Google Pagespeed Insights

Scoring 100 on Mobile and Desktop in Google Pagespeed Insights can be a daunting task. Once you use a JS framework you’re pretty much screwed because of the “above-the-fold” render blocking thing.

But is it really important to score 100? In which cases should you worry about the score? There’s heaps of articles suggesting “stop worrying about the pagespeed insights score”. Well, I agree that it might not be the most important factor for the user experience. But on the other hand, I don’t agree that it’s not important to Google. A Google employee told me during an AdWords campaign (set up by Google themselves), that our Mobile page speed was low and that this was penalized by the Search Engine. And how did he measure it? With Google Page Speed Insights, of course. See, the point is, if Google Page Speed Insights is good or bad is not important. It matters to Google, so it matters for your SEO.

It’s a bit hard to design an experiment to actually show the impact of an increased page speed insights score. What I could think of was this: Write an article and publish it twice, once with a bad page speed score, and once with a good one. So here’s the article, it’s about Angular Universal:

and here’s the article again, just loading slower since I load five unnecessary  versions of Jquery in the head:

The first article scores 99/100 (mobile) and 100/100 (desktop) and the second article 61/100 (mobile) and 75/100 (desktop). Let’s see what happens, I’ll post the result in a few weeks here.

By the way, the article is also related to this topic, since Angular Universal would be the answer to page speed problems. Well, you know, if it’d actually work (read the article).

Typescript Mongo Express Node (MEAN) Boilerplate

UPDATE: A cool project has developed out of my initial Typescript-MEAN seed!

Check it out on Github!

I was a bit shocked when I searched for Typescript MEAN ( tutorials and boilerplate code (with I mean Angular2 or above). There is some material, but it’s pretty outdated. Of course it’s a bit unfortunate that you have to count 2015 as outdated in 2017, but that’s how it is in the frontend world. So I set out to build my own boilerplate code for MEAN ( apps that use TYPESCRIPT for many apps to come. I also wanted the boilerplate to include unit tests, so this is not something you’ll have to add later on, but can start with right away.

So basically the requirements that I had for this boilerplate were:

  • 100% typescript. Furthermore, the backend and the frontend should have shared code (e.g. data models).
  • Full coverage with unit tests
  • Support simple REST calls of the form api/v1/:resourceName/:resourceId

It turned out, that for the frontend part I didn’t have to do anything. This is because Angular2 comes with angular-cli, an always up-to-date build & scaffolding tool for your Angular apps. So in order to build the Angular part, I simply had to refer to Angular Cli. But for the backend, the Mongo-Express-Node part, a lot of setup had to be done.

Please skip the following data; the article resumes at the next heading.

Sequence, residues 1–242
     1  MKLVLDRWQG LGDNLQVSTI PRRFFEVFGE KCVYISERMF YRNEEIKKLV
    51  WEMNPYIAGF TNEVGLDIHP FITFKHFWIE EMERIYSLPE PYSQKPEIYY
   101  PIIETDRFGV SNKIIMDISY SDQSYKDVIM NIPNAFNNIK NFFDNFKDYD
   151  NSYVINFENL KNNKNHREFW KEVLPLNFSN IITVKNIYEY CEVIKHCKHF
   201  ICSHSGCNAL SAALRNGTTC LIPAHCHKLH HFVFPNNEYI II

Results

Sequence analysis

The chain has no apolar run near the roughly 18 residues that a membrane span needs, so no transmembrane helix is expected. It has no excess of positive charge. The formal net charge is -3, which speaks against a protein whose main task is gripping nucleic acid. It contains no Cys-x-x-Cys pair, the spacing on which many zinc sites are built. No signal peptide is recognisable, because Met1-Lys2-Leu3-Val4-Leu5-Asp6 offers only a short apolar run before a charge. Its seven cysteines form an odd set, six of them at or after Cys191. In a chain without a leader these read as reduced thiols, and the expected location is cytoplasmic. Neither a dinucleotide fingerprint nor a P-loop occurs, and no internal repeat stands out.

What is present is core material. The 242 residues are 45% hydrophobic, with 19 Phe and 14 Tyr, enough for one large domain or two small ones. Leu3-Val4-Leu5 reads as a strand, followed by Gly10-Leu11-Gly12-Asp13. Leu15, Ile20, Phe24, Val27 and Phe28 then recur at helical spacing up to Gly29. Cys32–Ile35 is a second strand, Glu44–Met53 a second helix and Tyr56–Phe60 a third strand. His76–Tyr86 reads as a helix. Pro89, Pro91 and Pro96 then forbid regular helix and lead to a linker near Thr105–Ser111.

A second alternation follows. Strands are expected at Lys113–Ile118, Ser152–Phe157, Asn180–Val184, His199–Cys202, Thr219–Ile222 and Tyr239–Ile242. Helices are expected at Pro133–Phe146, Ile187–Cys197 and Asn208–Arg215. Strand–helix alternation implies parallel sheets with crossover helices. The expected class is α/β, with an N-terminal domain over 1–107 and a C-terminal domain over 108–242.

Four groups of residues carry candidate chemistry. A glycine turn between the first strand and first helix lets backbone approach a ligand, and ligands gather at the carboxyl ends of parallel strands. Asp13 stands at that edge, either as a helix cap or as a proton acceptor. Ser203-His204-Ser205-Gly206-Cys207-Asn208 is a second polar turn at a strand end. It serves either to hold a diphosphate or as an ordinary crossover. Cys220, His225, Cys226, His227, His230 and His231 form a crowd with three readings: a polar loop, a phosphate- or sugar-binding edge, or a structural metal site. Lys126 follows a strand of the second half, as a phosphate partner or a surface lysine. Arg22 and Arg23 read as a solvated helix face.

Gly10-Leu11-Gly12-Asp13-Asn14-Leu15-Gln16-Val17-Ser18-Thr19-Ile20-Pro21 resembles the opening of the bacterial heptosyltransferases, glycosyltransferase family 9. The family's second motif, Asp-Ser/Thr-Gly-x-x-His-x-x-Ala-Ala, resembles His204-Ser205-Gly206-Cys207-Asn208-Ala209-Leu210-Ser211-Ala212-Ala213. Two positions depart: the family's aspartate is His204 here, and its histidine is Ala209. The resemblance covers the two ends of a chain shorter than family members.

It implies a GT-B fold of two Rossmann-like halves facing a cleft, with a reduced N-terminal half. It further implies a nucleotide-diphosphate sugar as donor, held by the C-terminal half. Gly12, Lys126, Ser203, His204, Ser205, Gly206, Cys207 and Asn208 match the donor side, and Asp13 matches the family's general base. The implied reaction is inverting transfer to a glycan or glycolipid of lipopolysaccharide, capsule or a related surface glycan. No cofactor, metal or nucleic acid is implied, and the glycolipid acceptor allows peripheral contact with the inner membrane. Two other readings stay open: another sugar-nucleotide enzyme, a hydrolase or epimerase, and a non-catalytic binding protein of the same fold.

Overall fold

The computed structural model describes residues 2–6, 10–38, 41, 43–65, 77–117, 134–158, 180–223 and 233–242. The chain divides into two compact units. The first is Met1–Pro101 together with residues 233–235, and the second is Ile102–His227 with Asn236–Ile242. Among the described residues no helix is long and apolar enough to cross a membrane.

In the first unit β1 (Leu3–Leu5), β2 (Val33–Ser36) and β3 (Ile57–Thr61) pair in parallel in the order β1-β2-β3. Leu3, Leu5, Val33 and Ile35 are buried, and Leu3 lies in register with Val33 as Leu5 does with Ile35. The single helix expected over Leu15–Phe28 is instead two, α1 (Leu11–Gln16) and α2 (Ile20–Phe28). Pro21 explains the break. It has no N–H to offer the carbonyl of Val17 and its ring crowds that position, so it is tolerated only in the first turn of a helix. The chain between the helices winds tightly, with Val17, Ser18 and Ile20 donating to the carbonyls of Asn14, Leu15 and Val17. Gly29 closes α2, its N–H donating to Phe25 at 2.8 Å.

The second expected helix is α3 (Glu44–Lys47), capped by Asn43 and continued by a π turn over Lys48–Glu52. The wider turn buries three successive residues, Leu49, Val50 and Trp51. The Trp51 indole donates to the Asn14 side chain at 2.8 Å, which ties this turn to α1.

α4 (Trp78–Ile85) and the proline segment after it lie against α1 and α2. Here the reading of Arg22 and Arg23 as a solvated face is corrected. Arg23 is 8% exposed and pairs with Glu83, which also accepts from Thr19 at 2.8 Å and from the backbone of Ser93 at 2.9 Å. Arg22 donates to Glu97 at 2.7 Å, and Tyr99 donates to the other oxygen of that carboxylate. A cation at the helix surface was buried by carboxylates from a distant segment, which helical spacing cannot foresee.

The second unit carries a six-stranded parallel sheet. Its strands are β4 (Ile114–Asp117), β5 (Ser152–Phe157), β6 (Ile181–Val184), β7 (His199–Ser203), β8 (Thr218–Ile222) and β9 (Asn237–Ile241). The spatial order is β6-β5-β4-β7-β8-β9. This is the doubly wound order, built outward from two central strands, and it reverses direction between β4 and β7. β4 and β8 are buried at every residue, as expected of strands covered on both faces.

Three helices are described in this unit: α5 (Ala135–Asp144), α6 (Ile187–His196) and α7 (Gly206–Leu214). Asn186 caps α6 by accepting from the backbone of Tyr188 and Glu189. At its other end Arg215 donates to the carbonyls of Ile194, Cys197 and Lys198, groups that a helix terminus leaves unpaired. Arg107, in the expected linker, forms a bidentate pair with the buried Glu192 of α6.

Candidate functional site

In order to being able to develop independently on the frontend and the backend, e.g. if you have backend devs and frontend devs on your team, I setup the basic structure of the boilerplate like this:

├── .git
├── backend/
│ ├── .git
│ ├── db/
│ ├── ...
│ └── package.json
└── (frontend: just use angular cli)

So there are the two repos on the same level: backend, frontend. Additionally you could add a third repo with shared code between frontend and backend. First I have put the data models into a shared folder and published this to npm (so they could be reused from frontend and backend), but it turned out to be quite annoying since they had to be changed too often and my editor was lacking autocompletion for this workflow. Anyways, the backend and frontend  are completely separated. By completely separated I mean, the backend has it’s own git-repo. I can send my backend dev just the link to the backend repo.

The real work lies in the backend. There, we need to setup express, an app configuration, connect to mongo, build unit tests etc. The backend structure now looks like so:

├── properties (gitignored)
├── dist (gitignored)
├── src/
│ ├── api/
│ ├── auth/
│ ├── config/
│ ├── db/
│ ├── logger/
│ ├── test/
│ └── index.ts
├── package.json
└── tsconfig.json

There are different layers, all including unit tests written with chai and mocha. So what I’d recommend you to do at this point is to just go and checkout the seed / boilerplate. You can find it at:

The README will have further instructions how to install, run & test the code. I hope this boilerplate helps you to get you started with typescript & the MEAN stack. In the following, I also append a short “Why the MEAN stack”, because knowing the why is even more important than knowing the how, but I only append it because I guess most came here because of the “how”, since the why is already well covered in other articles.